And while he says the majority of these houses are under-insulated to maximise available living space – and some might even have a heated toilet seat – a Japanese home on average uses 45 per cent less energy than an American one due to “the occupants’ higher tolerance for discomfort, localised space heating and cooling and, of course, a much smaller occupied space to condition”.

A flow-on effect of the small dwellings, he says, is people appear to be focused more on purchasing experiences – including specialty food items and other immediate consumables – rather than collecting objects they have no place to store.

The Basque Health Department Headquarters
The Basque Health Department Headquarters

The Australian projects, comprising the largest section of the book and also showcased on its cover, range from the small footprint houses of Melbourne’s Andrew Maynard, to major projects including Grocon’s Pixel, ANZ Centre, Commonwealth Place, K2 Apartments and RMIT Design Hub.

The Surry Hills Library and Community centre; a rooftop penthouse by in Bondi by MHN Design Union, Perforated House in Melbourne by Kavellaris Urban Design, which has an entirely operable front facade; Casey Brown Architecture’s very funky 18-square-metre Permanent Camping at Mungee; and a prototype Park Bench House for the homeless by Sean Godsell Architects round out the selection.

If anything, the broad range of buildings seems to suggest that Australian architects are working to a polyglot aesthetic that has multiple ways of expressing the concept of sustainability, from achieving a high Green Star rating to creating a design that caters for the most vulnerable in our society, but does not meet the definition of “home” for most.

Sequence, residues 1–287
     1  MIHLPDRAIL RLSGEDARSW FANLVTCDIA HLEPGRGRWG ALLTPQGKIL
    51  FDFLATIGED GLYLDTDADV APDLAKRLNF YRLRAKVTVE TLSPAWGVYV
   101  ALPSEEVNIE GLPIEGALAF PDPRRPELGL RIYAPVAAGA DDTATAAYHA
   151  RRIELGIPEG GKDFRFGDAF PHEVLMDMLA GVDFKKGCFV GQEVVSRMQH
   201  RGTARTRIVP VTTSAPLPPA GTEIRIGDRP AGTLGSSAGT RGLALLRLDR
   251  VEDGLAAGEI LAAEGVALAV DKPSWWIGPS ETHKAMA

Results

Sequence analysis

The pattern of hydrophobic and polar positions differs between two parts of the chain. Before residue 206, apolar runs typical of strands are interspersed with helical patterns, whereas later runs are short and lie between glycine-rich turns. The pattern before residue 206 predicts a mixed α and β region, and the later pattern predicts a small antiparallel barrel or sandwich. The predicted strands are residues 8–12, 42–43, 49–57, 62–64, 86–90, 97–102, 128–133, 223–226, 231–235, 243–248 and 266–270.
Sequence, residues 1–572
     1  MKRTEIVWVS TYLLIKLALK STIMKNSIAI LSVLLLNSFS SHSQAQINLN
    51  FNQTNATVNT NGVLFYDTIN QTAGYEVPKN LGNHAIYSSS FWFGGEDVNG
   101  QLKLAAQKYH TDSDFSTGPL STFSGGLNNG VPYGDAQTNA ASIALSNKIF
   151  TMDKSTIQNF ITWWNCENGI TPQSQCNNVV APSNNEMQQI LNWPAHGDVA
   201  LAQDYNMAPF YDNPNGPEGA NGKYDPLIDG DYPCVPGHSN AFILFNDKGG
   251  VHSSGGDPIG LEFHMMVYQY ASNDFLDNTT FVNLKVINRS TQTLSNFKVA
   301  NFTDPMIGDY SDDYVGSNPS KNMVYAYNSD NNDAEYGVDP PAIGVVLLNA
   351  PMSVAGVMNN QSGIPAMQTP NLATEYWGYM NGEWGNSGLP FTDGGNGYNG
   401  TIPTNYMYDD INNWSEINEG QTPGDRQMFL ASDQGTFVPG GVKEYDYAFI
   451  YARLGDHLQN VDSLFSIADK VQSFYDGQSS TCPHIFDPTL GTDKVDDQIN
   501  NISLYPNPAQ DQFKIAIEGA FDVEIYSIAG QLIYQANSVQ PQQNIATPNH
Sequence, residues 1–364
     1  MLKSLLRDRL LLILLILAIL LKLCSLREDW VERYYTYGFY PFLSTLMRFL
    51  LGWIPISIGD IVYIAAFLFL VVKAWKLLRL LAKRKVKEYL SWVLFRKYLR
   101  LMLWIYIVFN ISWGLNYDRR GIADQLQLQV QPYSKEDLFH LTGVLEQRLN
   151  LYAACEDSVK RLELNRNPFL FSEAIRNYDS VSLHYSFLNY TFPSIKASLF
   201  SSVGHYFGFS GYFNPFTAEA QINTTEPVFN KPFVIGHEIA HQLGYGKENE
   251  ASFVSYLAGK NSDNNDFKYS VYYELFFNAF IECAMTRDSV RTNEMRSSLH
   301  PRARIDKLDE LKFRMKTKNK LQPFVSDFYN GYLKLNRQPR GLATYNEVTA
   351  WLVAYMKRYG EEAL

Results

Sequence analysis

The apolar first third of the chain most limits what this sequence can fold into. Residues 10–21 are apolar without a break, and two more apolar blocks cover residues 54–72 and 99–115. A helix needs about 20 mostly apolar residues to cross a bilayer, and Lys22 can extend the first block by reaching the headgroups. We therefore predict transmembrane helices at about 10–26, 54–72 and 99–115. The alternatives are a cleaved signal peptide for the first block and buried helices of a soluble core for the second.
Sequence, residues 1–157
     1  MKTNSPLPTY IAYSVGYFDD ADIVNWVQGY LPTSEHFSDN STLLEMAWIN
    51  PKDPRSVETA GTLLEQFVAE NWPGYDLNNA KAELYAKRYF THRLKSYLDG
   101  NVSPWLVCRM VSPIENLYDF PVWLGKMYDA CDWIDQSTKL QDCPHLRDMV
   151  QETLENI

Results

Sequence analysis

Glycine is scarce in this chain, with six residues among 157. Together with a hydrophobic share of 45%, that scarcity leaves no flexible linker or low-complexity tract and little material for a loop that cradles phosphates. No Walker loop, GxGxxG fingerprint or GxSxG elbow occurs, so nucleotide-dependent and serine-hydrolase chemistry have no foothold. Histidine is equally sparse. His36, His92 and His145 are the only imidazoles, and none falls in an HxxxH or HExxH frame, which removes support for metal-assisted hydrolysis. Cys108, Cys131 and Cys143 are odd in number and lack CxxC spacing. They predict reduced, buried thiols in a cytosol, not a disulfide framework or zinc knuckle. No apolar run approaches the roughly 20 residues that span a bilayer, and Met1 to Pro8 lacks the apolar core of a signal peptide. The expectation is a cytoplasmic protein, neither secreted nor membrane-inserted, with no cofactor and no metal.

A film by LOCAL has just been made about the book, with an interview between Michler and New York Times and Dot Earth science and environmental journalist Andrew Revkin. Michler is also delivering the keynote address at next year’s Passive House Conference in Melbourne.

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  1. It really depends on what “green” means.I have yet to see the book. Does it include a lifecycle maintenance program,[ low maintenance – including all the electronics and services]; ability to recycle building components when it’s use by date arrives? Low cost initial construction? Ability to be amended to suit different uses? Urban and suburban relevance?

    Really no modern buildings which match todays technological advances are going to be green. The technologies are so fleeting and so subject to becoming obsolescent that the building will require constant maintenace and modification.
    Just being certified by some measure or other is a soft target. It may be an improvement but it fails to address the elephant in the room – our headlong rush to resource depletion and the consequent failure of our civilization, a fate we are way too far along to reverse.So lets have fun, we certainly are not solving anything fundamental.